If you are currently studying for a foundation degree or degree in Early Years, one of your challenges may be accessing reference materials for assignments.
There are lots of resources out there, sometimes you just need to know where to look.
A good place to start is the excellent Teachfind. On this site you will find all the great videos from TeacherTV, National Strategies documents to download and Teachernet information. The site is really easy to navigate and is constantly adding new materials. You can even suggest websites for it to link to.
A source of information about Government policy, new directives and press releases is the Department for Education website.
Personally I find this an incredibly frustrating site to navigate. You have to know exactly what you are searching for as the site takes a ‘scatter gun’ approach to search results – if it’s vaguely linked to your search, its included in the (thousands) of results! However, if you persevere there are some really useful resources available.
Less well known is Google Scholar. This can usually be found on the top bar under the drop down menu ‘more’. Google Scholar has listing of academic papers and books related to the search term. Although the results may refer you to academic journals, which you may then need to access via your Academic Institution, the abstracts are usually visible (and free). Occasionally the whole research paper is available, so you can read it there and then. This can be a great method to get a list of journals you’d like to read when you are next in college. It may also give you an idea of who is writing in that particular field of research, so you can search for their books in the library or on Amazon.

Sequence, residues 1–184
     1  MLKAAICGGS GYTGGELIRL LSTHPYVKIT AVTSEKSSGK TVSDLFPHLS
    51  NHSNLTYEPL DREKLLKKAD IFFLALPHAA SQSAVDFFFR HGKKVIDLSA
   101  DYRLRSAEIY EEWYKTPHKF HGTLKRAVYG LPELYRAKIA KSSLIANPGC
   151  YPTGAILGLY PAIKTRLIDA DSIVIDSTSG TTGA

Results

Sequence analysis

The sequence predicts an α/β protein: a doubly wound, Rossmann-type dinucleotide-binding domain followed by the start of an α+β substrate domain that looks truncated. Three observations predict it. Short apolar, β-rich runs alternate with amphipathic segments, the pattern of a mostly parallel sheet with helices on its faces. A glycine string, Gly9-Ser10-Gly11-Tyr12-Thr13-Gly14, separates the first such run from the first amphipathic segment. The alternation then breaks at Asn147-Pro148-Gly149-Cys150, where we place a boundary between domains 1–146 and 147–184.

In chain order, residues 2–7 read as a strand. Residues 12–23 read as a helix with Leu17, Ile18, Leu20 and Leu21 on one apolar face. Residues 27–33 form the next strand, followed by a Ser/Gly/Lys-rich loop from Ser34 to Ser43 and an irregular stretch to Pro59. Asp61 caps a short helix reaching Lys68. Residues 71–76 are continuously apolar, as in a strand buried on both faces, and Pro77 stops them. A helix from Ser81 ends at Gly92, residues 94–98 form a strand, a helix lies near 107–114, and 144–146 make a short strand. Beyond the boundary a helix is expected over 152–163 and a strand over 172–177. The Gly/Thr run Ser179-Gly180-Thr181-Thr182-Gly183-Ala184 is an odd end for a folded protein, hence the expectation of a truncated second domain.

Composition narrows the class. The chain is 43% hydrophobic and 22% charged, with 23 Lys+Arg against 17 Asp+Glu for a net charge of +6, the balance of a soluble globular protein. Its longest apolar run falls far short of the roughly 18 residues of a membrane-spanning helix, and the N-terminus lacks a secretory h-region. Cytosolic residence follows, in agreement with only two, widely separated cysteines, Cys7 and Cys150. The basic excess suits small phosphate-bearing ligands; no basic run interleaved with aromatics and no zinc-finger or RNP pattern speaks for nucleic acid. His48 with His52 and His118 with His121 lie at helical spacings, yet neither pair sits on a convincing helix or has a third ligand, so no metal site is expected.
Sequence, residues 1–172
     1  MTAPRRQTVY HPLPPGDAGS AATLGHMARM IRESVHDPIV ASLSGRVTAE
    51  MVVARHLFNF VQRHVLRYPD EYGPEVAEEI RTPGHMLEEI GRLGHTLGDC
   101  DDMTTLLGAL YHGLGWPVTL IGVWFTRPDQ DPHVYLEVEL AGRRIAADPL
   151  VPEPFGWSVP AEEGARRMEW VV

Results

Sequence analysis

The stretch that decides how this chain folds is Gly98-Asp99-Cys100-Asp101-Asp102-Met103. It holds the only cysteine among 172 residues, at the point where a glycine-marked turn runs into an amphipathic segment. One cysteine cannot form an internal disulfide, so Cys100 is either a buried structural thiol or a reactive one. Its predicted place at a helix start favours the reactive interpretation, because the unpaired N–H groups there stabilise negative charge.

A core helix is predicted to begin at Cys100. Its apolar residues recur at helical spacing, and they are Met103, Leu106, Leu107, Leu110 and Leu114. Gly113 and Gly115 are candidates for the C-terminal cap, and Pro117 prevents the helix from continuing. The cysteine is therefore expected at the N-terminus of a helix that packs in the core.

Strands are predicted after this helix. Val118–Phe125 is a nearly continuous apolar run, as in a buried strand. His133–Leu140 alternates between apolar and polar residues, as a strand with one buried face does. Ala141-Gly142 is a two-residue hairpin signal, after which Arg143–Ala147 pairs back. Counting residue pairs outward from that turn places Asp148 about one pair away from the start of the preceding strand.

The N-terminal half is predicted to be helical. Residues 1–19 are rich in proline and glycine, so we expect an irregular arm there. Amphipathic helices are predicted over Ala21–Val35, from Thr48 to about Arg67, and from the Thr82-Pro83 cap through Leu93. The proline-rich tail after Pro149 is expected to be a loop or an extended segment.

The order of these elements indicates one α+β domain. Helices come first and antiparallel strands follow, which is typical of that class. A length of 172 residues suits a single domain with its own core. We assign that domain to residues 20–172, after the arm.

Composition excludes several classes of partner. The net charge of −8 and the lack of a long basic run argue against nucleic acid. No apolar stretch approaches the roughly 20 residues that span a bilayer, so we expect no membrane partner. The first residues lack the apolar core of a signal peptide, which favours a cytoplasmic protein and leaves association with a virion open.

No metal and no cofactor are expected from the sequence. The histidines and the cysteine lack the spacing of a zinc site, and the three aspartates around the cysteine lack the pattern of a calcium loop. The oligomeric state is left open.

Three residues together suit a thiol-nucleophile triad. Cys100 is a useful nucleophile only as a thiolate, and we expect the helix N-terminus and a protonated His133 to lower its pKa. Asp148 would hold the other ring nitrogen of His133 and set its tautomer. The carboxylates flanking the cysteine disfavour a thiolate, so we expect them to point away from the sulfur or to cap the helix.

YouTube has some informative and interesting videos about all aspects of child development. For example, try this one about The Science of Child Development from HarvardEduction, 2009, which is about neuroscience and the developing brain. Be warned – you may need to put aside a couple of months to watch them all.
Of course THE video that must be viewed, is by Sir Ken Robinson, about how schools kill creativity and the knock-on effects. This was presented as part of the TED (Technology, Entertainment, Design) lectures in 2007 and Sir Ken has presented a couple more follow up videos since then. The video is only 15 minutes long, but in that 15 minutes Sir Ken uses humour and sharp observations to make his point clearly. Dare you not to nod in agreement whilst watching!
Finally, do remember to use the websites of charitable organisations, such as iCan for speech, language and communication, National Autistic Society and the Foundation Years.